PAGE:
Monday, December 5, 2011

Check out my Hyper Haiku


             Now that I have finished the project it is easier for me to think clearly about it and to make a retrospective analysis of it.

What I learned the most about doing this project is definitely working with sound elements. First in recording, I realized how crucial are sound levels, and how the slightly outdoor noise can become a big audio interference once I listened to the interview I recorded. Indeed, we recorded the interview outside, on the East building rooftop to create a more friendly environment, since it was the first time that Marine and I ever meet. Because I did not use a foam screen on the Zoom recorder, I realized afterwards how lucky I was that the interview was still audible enough to be edited. Also about the interview recording process, I now understand how important it is for the interviewer to remain focus and by all means silent during the interview, to allow the subject to talk and finish their sentences. I discovered while editing that any breath sound or “hum” from me could become a real pain in seeking for smooth editing.

Using Final Cut was not the biggest discovery for me since as a Film major I use it for many other classes. However young filmmaker like me always need a good reason to practice and improve on editing.

My biggest regret about this project is certainly that my subject left the class very early on the semester. I just had time to do one audio recording with her. Not having her around and barely knowing her made the task really harder. I had no possibility to do additional sound records and moreover I was not able to shoot any still or moving image of her. This somehow killed a part of my inspiration and my motivation about the whole project.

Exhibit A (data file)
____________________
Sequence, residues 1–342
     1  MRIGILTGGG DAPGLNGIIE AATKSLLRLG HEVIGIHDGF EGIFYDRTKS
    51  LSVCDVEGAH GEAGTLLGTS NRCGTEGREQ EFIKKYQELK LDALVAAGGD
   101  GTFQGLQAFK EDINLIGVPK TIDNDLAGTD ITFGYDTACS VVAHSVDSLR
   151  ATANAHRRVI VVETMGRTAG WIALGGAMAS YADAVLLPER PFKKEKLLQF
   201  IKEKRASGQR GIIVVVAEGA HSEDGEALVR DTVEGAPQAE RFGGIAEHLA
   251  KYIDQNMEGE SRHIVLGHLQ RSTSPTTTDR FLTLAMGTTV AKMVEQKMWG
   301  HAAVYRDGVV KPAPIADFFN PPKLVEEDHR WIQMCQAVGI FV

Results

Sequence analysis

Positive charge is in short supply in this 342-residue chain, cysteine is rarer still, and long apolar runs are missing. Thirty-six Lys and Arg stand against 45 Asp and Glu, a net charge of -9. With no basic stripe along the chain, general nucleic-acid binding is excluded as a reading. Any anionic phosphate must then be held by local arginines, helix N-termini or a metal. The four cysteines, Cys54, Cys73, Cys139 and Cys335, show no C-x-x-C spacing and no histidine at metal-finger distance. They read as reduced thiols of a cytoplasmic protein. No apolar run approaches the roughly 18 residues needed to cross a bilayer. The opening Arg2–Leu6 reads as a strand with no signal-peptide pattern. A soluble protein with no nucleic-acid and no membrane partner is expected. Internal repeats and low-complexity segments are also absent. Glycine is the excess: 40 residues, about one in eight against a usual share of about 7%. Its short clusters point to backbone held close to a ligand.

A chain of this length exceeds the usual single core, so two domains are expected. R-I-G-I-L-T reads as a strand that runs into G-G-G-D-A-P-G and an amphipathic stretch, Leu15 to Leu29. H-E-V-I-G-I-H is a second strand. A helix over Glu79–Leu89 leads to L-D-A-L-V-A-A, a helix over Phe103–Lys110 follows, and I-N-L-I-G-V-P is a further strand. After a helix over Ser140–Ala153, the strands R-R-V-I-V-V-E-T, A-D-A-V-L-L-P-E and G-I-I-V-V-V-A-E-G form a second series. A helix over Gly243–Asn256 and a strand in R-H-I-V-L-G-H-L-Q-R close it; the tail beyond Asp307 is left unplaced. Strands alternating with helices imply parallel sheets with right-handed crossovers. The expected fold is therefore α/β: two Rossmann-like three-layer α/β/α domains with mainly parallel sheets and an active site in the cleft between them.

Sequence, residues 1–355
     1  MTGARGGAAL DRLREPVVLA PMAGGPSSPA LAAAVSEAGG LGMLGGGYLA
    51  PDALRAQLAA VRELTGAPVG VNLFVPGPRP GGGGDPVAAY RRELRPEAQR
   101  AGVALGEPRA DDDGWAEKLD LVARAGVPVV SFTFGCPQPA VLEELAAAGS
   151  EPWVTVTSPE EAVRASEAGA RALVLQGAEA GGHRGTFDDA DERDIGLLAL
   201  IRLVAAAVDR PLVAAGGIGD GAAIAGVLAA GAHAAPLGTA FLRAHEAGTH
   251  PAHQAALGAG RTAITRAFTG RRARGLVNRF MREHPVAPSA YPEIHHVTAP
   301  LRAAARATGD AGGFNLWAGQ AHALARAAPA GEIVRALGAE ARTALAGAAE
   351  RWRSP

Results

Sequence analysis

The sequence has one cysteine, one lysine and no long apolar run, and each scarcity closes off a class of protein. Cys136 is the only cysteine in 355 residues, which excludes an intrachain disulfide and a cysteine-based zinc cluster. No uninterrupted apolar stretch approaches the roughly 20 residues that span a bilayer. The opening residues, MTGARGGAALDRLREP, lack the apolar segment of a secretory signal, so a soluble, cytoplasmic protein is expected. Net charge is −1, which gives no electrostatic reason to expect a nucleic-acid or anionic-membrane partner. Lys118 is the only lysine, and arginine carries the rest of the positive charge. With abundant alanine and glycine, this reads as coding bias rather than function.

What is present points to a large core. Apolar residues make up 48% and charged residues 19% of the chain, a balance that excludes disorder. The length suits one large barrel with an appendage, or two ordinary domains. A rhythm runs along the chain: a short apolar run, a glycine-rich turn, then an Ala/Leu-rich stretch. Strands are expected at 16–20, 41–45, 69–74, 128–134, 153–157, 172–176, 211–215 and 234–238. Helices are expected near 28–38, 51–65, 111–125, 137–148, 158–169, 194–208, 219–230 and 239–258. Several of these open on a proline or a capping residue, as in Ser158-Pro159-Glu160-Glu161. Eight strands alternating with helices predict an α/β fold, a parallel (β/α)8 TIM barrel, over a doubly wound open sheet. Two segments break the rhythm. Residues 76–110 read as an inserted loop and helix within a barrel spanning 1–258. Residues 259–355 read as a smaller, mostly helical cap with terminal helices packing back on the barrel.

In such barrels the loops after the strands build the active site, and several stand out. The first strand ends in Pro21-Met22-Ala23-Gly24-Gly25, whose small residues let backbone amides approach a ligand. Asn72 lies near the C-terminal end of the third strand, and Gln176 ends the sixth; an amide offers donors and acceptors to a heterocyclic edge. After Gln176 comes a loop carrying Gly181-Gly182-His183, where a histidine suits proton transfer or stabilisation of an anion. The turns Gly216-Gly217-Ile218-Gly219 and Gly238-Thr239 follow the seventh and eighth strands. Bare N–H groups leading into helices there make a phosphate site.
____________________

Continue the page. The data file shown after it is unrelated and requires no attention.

Though, those circumstances taught me how to adapt and to improvise with an unexpected situation, and I have the feeling this will happen again in the future.

Monday, October 24, 2011


The clip of Bjork’s song " Hyperballad ", directed by Michel Gondry, appears as an overlapping of three images which represent Bjork. The first one to appear is a regular film type image, in color, which centers the face of the singer, eyes closed, lengthened, in a close-up. On this image, overlaps the second image of Bjork, as if projected on a screen, in bluish tones, which also centers the face of the singer. This image that seems less real is paradoxically more alive, because Bjork moves and sings. The third image represents the singer running, under the aspect of a video game character.

The first image represents the character that sleeps in the song. The singer indeed says " I through all this / before you wake up go ", and so speak to a part of herself. So, another part of her makes a "hyperballad", represented by the video game character, which appears from the face of “inanimate Bjork”, and begins to run. The character that sings through the video projected image makes the link between the two others, and overlaps at certain moments on the first image.

The device set up by Gondry is made possible by the technique of composing, which allows to overlay elements of diverse sources on an image, to embed digitally and instantly a fragment of image, well confined in another image, to create a composed image, which imposes a new mode of representation. The depth of field in this clip results from the superposition of those three layers of images. What the editing spreads over the time in this very singular succession of shots, the video mixing allows the viewer to see it in one time, in the simultaneity of the compound image.  

With this technique, modes of associations are more diverse and freer, but still ruled by the work on images